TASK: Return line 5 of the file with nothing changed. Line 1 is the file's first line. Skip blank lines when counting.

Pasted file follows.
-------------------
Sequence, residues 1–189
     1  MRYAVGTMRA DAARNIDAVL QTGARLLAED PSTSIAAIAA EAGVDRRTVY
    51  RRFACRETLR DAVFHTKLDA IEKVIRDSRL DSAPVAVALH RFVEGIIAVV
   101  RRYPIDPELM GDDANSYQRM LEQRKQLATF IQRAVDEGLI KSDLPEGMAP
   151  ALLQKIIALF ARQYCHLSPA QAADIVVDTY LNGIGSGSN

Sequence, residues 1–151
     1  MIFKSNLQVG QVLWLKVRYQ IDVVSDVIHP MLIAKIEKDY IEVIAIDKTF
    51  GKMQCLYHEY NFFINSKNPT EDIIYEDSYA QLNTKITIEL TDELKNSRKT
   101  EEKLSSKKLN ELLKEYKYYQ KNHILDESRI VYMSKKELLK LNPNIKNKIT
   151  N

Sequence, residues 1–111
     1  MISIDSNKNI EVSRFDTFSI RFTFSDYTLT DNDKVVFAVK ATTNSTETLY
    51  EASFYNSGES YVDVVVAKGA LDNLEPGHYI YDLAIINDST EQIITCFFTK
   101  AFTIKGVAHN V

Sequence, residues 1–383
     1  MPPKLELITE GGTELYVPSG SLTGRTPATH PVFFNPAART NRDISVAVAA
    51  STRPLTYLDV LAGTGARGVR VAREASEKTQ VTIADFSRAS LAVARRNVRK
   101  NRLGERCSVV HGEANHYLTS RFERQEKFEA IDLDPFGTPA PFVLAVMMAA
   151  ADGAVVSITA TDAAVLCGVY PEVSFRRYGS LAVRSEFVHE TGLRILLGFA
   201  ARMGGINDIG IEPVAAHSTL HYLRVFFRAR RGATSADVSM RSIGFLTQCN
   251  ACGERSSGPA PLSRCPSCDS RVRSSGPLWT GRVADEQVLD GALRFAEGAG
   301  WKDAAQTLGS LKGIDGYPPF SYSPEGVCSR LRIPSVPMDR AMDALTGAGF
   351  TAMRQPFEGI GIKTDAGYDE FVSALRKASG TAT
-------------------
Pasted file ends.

   151  ALLQKIIALF ARQYCHLSPA QAADIVVDTY LNGIGSGSN